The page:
Blue Dog Collin Peterson is angry about the short shift farm programs got in the fiscal cliff deal. Minnesota's Land Stewardship Project, which works on local food, sustainable farming and economic justice issues in rural Minnesota, isn't pleased either.
That's a wide spectrum of ag grumpiness--although there's no sign yet that producers are ready to tractorade to DC. Yet.
In Farmers see good, bad outcomes of fiscal cliff bill, Forum Communications political correspondent Don Davis reports:
Many farm groups sought changes that would have given farmers protections, such as in the case of bad weather, while eliminating controversial direct payments to farmers.
They didn't get them because the 2012 Farm Bill didn't get a vote in the House--although the Senate and the House Ag Committee approved it. Instead, Davis reports that the reset button was hit, and Congress has to work up a new bill. Meanwhile, the fiscal cliff deal cut out or didn't fund some important projects for conservation, new farmers and other pieces of the puzzle that help rural communities.
Here's the Land Stewardship Project's statement:
Farm policy takes a dramatic step backwards in the fiscal cliff deal brokered in Congress and soon to be signed into law by President Barack Obama. Rather than moving forward with much-needed financial and policy reform Congress and the Administration prioritized continued excessive commodity subsidies.
After expiration of the farm bill on October 1, 2012 and the inability of the U.S. House to deliver a bill for conference, pressure was on to include a farm bill extension in the ongoing fiscal cliff deal. But along with a few other plums, what ended up being the center point of the farm bill extension was continuation of the egregious commodity program known as direct payments – subsidies provided to producers with no regard for current production or market realities. The fiscal cliff deal and all agriculture policy within it was initiated by Senate Minority Leader Mitch McConnell (R-KY) and Vice President Joe Biden.
Extending direct payments was unexpected since nearly everyone in agriculture has recognized the $5 billion a year in subsidies for this commodity program as outdated and in need of reform. There is no logical explanation for the extension of direct payments other than it panders to southern commodity growers in favor with Senator McConnell.
And while wasteful commodity spending was extended, frozen out of the late-breaking deal was virtually any support for new farmers, rural development and even disaster aid; despite the worst drought gripping our country in decades.
Another major failure was the decision not to remedy a funding hang-up that will prevent farmers from using the Conservation Stewardship Program (CSP) in the coming year. CSP is aimed at supporting farmers who are maintaining and improving soil and water conservation on their active farm land. The program has been popular in the Midwest and nationally with 50 million acres now enrolled by farmers and ranchers.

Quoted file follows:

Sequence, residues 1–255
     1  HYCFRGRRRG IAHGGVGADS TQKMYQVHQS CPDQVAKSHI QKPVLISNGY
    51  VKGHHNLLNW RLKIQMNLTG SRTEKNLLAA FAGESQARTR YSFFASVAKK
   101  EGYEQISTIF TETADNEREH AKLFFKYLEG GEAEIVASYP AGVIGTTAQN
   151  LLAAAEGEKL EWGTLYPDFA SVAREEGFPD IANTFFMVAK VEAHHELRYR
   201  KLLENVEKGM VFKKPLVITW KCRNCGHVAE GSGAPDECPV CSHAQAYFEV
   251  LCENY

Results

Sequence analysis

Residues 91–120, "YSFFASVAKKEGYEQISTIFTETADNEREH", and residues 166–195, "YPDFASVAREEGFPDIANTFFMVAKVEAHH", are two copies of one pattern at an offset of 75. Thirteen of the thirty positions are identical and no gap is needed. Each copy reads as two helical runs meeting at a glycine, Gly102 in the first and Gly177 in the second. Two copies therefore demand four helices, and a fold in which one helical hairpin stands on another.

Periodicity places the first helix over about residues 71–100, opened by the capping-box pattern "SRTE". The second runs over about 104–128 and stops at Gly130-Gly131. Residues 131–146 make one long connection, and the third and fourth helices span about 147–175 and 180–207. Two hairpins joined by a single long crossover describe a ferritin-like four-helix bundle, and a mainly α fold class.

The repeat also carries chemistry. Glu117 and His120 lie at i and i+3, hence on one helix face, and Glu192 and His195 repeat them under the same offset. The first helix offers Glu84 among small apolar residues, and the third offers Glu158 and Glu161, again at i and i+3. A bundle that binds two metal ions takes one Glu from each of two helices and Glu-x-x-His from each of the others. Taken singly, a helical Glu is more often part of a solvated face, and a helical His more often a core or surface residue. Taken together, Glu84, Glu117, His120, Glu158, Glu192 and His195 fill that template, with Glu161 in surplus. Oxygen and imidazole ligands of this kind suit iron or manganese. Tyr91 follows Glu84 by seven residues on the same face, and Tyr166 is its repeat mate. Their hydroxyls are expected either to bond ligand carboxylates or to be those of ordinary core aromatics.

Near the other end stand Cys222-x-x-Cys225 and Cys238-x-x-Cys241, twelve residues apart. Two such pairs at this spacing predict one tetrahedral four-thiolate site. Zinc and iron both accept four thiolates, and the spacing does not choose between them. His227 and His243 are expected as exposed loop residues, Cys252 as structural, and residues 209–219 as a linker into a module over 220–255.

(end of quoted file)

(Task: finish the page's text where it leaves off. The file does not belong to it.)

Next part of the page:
To add insult to injury, Congress gave the wealthiest Americans increased exemption from estate taxes, a measure that is not only fiscally imprudent, but will serve to keep more land locked up in the hands of the heirs of large landowners and decrease new farming opportunities.
All in all family farm agriculture loses in the fiscal cliff deal – reverting to the policies of old and disregarding the growth areas in this sector of our economy.
LSP continues to be committed to advancing a farm bill and agriculture policy that provides for prosperous rural communities, a healthy environment and more, not fewer opportunities in agriculture. In the coming year we will renew efforts to demand reform and accountability to wasteful and detrimental spending while supporting new farmer and conservation provisions.
While Peterson and LSP don't always see eye-to-eye, clearly there's a lot of shared frustration over ag and rural America taking a back seat (or no seat at all) in Congress. When it comes to making cost-cutting elimination of programs like direct payments, the Senate and House Ag committees got that work done but had it disregarded, while far less costly but innovative programs that farmers and consumers want are cut or left without funding.
Urban readers: remember this the next time you blame Minnesota's farmers for direct payment subsidies. That's not what they've asked Peterson and Walz for in a farm bill.
And while Bluestem doesn't agree with all the cuts the House Ag committee made in the now-moribund 2012 Farm Bill, Peterson does have a point here:
The ag committee cut $35 billion in the bill it passed, but House leaders never allowed the full body to consider. That cut was sought by top Republicans, but Peterson said other committees did not comply by finding cuts in their parts of the budget.
“The committees that were irresponsible and didn’t do their work got what they wanted, and the Agriculture Committee got screwed,” Peterson said. “It is a little hard for me to swallow.”
Hard not to be grumpy about that.
Photo: We're all Grumpy Cat now.
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